A Semantics for Imprecise Exceptions

Simon L. Peyton Jones, Alastair Reid, Fergus Henderson, C. A. R. Hoare, Simon Marlow
Yale University and Microsoft Research and Cambridge University and University of Melbourne
[pdf] [doi]

Proceedings of the 1999 ACM SIGPLAN Conference on Programming Language Design and Implementation (PLDI '99)
Atlanta, Georgia, USA
May 1999

Abstract

Some modern superscalar microprocessors provide only imprecise exceptions. That is, they do not guarantee to report the same exception that would be encountered by a straightforward sequential execution of the program. In exchange, they offer increased performance or decreased area (which amount to much the same thing).

This performance/precision tradeoff has not so far been much explored at the programming language level. In this paper we propose a design for imprecise exceptions in the lazy functional programming language Haskell. We discuss various simpler designs, and conclude that imprecision is essential if the language is still to enjoy its current rich algebra of transformations. We sketch a precise semantics for the language extended with exceptions.

From the functional programming point of view, the paper shows how to extend Haskell with exceptions without crippling the language or its compilers. From the point of view of the wider programming language community, we pose the question of whether precision and performance can be traded off in other languages too.

BibTeX

@inproceedings{DBLP:conf/pldi/JonesRHHM99 , abstract = {Some modern superscalar microprocessors provide only imprecise exceptions. That is, they do not guarantee to report the same exception that would be encountered by a straightforward sequential execution of the program. In exchange, they offer increased performance or decreased area (which amount to much the same thing).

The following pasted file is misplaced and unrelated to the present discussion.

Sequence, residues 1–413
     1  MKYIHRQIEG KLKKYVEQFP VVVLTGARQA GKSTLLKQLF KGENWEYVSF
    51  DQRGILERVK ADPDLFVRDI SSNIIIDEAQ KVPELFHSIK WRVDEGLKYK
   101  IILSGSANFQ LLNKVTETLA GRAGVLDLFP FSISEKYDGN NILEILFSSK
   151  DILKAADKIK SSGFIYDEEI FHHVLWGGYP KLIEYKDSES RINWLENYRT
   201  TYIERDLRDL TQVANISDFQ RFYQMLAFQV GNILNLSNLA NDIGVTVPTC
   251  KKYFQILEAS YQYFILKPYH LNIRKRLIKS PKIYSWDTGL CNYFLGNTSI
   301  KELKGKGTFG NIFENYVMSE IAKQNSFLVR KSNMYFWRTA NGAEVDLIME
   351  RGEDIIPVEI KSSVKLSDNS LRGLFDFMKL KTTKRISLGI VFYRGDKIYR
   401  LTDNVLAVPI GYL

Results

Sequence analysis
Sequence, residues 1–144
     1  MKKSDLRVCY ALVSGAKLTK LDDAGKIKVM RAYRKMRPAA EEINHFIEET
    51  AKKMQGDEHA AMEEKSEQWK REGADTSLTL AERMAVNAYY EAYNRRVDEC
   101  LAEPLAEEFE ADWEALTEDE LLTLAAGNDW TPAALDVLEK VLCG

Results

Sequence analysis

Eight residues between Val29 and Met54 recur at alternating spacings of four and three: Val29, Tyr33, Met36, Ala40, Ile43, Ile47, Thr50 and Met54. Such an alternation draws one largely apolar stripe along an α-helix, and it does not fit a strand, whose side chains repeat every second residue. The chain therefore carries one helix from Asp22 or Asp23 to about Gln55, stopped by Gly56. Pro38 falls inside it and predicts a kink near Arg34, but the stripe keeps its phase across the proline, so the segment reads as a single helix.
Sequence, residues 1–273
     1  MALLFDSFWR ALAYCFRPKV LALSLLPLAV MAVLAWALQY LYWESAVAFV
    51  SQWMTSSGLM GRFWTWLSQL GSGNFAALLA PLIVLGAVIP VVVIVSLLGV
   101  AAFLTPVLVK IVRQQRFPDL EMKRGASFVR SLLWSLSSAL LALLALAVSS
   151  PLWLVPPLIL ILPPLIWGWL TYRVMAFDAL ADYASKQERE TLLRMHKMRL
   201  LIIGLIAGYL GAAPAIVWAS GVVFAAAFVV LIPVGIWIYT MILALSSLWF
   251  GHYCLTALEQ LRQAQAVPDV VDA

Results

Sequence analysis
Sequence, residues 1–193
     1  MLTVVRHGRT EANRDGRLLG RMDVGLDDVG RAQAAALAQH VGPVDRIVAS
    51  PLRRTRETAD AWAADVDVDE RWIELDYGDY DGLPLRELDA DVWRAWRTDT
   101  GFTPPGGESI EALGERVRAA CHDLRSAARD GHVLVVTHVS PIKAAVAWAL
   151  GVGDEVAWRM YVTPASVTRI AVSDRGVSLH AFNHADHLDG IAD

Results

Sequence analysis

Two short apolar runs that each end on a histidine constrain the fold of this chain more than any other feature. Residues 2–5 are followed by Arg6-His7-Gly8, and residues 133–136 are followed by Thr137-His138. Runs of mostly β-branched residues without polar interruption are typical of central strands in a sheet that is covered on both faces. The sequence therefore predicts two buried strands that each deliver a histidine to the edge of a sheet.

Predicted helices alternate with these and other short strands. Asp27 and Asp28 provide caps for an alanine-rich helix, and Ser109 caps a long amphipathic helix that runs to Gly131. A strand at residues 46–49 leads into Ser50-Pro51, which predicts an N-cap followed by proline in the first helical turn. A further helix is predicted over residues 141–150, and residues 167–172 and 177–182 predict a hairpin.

This performance/precision tradeoff has not so far been much explored at the programming language level. In this paper we propose a design for imprecise exceptions in the lazy functional programming language Haskell. We discuss various simpler designs, and conclude that imprecision is essential if the language is still to enjoy its current rich algebra of transformations. We sketch a precise semantics for the language extended with exceptions.

From the functional programming point of view, the paper shows how to extend Haskell with exceptions without crippling the language or its compilers. From the point of view of the wider programming language community, we pose the question of whether precision and performance can be traded off in other languages too.} , acceptance = {20} , affiliation = {Yale University and Microsoft Research and Cambridge University and University of Melbourne} , ar_file = {PLDI_99} , ar_shortname = {PLDI 99} , author = {Simon L. Peyton Jones and Alastair Reid and Fergus Henderson and C. A. R. Hoare and Simon Marlow} , booktitle = {Proceedings of the 1999 {ACM} {SIGPLAN} Conference on Programming Language Design and Implementation (PLDI \textquotesingle 99)} , day = {1-4} , doi = {10.1145/301618.301637} , editor = {Barbara G. Ryder and Benjamin G. Zorn} , file = {except.pdf} , location = {Atlanta, Georgia, USA} , month = {May} , pages = {25--36} , publisher = {ACM} , title = {{A} Semantics for {I}mprecise {E}xceptions} , year = {1999} }